- I am what I have.
- I am what I do.
- I am what other people think of me.
Examining these illusions and, in the process, redefining who you are is “The Simplest Way to Conquer Your Greatest Enemy.”
Like I Said, It’s Not Going to Be Easy
Let’s take a look at each illusion.
I am what I have.
Of course you’re not. Yet we all try to keep up with the Joneses, to varying extents. Why? Because at our very core, we want to be like everyone else so that we fit in. If we fit in, we survive. Simple as that. Only, that’s not as true as it used to be thousands of years ago, but Ego doesn’t know that.
And we don’t just want to survive, we want to have a higher chance of surviving than anyone else. So we don’t just want to have what the Joneses have; we want to have more than them.
It’s a natural instinct, people, and nothing to be ashamed of. But, you are capable of recognizing that it’s only an instinct, that you don’t have to listen to it, and that you can choose to redefine yourself and how much value you assign to your possessions. This post might help you start down that path, 3 of the Most Valuable Things Money Can Buy.
I am what I do.
This one’s a bit tougher to get past. Almost everyone defines themselves by what they do because that’s how other people define us. Think about it; what’s the first question people typically ask when they meet you: “What do you do?” In other words, I need to know what you do to get a picture (form an expectation) of who you are.
This is a dangerous belief though because you can very easily lose your identity if you can no longer “do” what you do for whatever reason.
In my opinion, this is going to be the hardest one to detach yourself from. I think the most effective way to get started is to break what you do down into specific skills/traits/characteristics. For example, I could say that I’m a writer. Then to break that down, I could say that I’m a Deliberate Thinker, an analyst, and a creator.
This puts the focus on you, and your “All-Natural Privileges” (click here to find out what that means), because these skills/traits/characteristics can be transferred to just about anything. Let’s say that I lose the ability to write for some reason. I can still use my Deliberate Thinking, analytical, and creative skills in some other endeavor because they are a part of me. And my identity will stay intact.
So you see, you are not what you do. What you do is a result of who you are and how you define yourself. Whoa…mind blown! Check out this post for inspiration to separate yourself from what you do, Spoiler Alert: Meaningful Work is Not What You Crave.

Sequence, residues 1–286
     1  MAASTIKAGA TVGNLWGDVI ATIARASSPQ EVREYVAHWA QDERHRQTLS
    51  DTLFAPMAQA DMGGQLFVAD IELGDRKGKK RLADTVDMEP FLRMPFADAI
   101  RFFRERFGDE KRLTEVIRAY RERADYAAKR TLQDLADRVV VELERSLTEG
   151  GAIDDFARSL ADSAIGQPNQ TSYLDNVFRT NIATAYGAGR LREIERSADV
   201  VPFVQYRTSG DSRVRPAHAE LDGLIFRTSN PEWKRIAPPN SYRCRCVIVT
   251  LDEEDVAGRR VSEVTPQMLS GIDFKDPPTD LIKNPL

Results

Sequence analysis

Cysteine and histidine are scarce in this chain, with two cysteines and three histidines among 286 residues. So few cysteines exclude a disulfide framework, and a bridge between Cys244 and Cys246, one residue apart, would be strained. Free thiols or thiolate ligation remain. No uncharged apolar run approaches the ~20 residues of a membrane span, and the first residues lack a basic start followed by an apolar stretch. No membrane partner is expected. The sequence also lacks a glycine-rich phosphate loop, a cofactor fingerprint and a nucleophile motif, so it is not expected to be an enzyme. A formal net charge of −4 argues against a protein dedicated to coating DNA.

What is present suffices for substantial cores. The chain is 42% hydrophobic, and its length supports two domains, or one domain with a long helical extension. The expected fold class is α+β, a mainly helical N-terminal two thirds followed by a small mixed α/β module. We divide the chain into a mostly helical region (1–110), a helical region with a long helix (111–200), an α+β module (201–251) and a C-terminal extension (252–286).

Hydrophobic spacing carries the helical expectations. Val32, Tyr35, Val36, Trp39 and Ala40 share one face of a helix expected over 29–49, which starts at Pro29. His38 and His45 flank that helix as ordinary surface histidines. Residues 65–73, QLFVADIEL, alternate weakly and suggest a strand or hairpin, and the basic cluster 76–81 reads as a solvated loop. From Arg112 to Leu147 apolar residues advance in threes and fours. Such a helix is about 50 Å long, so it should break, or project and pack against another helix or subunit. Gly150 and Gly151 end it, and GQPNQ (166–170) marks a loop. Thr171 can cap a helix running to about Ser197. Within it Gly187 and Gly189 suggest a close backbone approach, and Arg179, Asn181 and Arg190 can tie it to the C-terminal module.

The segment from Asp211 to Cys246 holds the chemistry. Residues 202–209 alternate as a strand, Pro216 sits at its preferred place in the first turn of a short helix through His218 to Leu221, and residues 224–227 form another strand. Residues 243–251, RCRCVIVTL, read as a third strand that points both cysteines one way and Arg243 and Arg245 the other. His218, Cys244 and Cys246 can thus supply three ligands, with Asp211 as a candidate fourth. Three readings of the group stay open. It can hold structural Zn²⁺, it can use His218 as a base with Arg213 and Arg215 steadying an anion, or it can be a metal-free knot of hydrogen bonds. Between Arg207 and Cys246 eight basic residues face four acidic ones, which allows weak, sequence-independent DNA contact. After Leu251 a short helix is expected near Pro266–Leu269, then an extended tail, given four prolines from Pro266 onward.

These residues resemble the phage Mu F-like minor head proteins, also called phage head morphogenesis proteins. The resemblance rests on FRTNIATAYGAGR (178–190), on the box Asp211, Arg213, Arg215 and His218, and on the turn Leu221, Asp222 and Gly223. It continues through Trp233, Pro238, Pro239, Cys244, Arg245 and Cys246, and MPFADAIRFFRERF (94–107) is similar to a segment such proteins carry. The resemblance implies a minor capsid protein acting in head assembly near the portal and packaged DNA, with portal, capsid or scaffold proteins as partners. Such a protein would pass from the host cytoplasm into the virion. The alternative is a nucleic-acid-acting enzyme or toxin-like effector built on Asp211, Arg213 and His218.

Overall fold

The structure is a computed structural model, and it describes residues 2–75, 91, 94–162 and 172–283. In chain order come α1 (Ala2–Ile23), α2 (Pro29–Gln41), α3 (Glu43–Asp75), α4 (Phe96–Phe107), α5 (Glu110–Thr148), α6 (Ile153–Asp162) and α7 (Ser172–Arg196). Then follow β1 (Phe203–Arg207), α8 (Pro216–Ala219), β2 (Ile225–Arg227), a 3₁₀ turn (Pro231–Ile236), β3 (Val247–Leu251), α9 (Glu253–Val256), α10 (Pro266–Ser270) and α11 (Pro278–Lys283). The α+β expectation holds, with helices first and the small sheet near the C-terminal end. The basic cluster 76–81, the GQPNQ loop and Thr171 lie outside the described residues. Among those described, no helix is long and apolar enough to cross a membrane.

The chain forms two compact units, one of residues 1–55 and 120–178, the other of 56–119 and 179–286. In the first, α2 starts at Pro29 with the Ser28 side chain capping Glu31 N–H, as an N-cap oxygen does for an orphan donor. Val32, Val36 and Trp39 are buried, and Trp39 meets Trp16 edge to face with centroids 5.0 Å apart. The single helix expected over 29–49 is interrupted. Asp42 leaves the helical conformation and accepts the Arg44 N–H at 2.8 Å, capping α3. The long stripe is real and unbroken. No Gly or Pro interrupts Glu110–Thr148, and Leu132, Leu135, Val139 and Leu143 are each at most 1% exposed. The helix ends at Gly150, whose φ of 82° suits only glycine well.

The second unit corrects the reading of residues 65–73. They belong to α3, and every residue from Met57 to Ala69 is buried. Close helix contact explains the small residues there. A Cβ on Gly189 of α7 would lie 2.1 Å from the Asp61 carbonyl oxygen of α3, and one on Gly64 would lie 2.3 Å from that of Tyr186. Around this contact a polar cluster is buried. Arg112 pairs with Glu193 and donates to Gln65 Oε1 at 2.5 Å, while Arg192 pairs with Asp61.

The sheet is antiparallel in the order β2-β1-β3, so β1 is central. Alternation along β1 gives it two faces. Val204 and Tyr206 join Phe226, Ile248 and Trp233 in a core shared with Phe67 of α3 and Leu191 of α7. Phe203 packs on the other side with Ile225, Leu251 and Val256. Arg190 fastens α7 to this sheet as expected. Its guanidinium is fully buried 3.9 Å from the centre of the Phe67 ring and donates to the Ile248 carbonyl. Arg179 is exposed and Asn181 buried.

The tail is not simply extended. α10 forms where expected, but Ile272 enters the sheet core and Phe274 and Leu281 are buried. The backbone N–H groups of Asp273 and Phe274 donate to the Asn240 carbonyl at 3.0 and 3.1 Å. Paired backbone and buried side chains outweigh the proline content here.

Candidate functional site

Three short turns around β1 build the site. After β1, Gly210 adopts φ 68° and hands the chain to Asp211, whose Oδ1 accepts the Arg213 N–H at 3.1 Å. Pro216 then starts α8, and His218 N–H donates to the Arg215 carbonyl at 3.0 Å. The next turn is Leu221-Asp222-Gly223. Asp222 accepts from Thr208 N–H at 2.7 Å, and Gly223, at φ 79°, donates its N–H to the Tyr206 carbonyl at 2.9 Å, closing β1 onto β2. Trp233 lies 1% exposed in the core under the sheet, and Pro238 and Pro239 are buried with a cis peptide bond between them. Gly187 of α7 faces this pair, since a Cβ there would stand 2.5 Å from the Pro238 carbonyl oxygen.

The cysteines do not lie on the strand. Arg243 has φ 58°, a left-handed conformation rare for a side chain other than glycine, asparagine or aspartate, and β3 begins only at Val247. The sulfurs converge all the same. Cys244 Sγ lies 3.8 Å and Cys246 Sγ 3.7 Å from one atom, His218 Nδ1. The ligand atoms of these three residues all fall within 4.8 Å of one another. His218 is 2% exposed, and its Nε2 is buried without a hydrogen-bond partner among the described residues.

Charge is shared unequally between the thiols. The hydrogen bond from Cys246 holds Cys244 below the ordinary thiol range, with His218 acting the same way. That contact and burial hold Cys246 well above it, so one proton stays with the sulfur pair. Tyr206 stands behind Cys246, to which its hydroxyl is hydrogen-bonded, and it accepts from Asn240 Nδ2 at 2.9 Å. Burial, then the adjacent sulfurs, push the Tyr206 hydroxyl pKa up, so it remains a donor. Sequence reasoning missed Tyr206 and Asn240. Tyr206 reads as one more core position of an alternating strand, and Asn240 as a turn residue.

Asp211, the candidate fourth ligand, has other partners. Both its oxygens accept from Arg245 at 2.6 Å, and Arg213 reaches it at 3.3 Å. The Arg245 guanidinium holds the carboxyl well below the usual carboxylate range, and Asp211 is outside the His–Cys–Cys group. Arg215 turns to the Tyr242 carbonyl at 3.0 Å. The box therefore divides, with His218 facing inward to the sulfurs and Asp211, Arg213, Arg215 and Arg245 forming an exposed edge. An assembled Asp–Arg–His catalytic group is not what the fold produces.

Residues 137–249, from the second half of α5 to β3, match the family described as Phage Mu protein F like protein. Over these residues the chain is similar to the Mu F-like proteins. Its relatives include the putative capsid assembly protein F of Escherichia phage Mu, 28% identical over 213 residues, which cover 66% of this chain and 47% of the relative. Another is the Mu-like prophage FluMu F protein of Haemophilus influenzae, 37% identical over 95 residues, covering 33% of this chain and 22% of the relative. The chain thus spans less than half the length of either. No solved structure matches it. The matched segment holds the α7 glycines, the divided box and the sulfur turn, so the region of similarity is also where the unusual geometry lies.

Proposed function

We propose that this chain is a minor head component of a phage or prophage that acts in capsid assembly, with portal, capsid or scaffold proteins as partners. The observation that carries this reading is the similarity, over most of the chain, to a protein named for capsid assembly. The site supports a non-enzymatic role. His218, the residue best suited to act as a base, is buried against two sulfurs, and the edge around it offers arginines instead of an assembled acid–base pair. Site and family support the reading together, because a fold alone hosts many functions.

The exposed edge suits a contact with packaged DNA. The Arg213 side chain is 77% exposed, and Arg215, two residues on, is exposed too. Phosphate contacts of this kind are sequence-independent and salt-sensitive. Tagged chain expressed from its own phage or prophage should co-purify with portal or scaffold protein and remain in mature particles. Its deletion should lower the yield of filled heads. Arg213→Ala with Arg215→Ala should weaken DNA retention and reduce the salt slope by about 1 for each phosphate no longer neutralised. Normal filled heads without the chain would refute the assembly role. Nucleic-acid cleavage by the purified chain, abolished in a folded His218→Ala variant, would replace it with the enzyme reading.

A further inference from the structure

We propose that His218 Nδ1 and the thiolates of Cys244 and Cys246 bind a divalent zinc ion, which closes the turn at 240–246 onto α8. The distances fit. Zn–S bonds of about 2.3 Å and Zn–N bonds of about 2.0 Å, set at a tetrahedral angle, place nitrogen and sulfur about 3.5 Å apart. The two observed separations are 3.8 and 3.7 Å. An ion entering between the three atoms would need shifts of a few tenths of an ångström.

I am what other people think of me.
How? Every single person you meet will think of you in a different way. So how can you possibly be what other people think of you?
Yet, this is another trap that we fall into, isn’t it? We want to fit in, and we want to have a good reputation. Again, this comes back to our deep-seated survival instinct, and the need to be part of a group in order to increase our chances of survival. Our Ego doesn’t realize that we don’t need other people to survive in the same way that we once did.
In order to redefine who you are, you’re going to have to embrace this fact: you cannot change other people’s opinions of you. You just can’t. Their opinions are based on everything that they’ve witnessed and experienced in their life, and you can’t change that.
What you can do is focus on being the kind of person you would like to be around; the kind of person you would have a good opinion of.
If you’d like to learn a little bit more about our need to fit in, this post is for you: Don’t Drink the Kool-Aid: 3 Cautionary Tales of Group Influence.
Let’s Summarize a Bit Here
You’ve already conquered your greatest enemy, Ego, by realizing that she is not actually your enemy. You now understand that she’s only trying to protect you, which is great because she’s pretty wise. But you also realize that you don’t have to listen to everything she says.
The next step is to redefine who you are so that when Ego speaks up, you can say with confidence, “Thank you, Ego, but the direction you’re pointing me in doesn’t align with who I am. I want to take this road. I know we’ve never been down it before, but I have faith that we will find our way one step at a time.”
You’re going to redefine who you are by Deliberately Thinking about why you are not what you have, what you do, or what other people think of you. (We have a worksheet to help with that.) And you’re going to start figuring out who you are by naming your core values. Start here.
Simple, right? It is, but as I said at the beginning, it will be one of the hardest things you will ever do.
That’s why you need support. That’s why you need to practice Deliberate Thinking every day. That’s why I’ve made building a community of Deliberate Thinkers my mission. Won’t you consider joining us? What do you have to lose? Invest 2 more minutes to check out all of our Member Benefits.
And, as always, comments are welcomed and appreciated!
Until next time . . . STAY CURIOUS!
Only Have 1 Minute
How to tell the difference between your ego and your intuition, posted to YouTube by GabrielleBernstein on 1.26.14
Creating From Presence Instead Of Ego | Conscious Manifestation, posted to YouTube by Eckhart Tolle on 9.12.19
Ambition – Aspects of the Ego – Wayne Dyer, posted to YouTube by Spiritual Mind on 4.24.19
WHAT IS THE EGO’S PURPOSE?, posted to YouTube by Mark Haughton on 2.16.19
The Elements of Ego Functioning, Gregg Henriques, Ph.D., Psychology Today, 6.27.13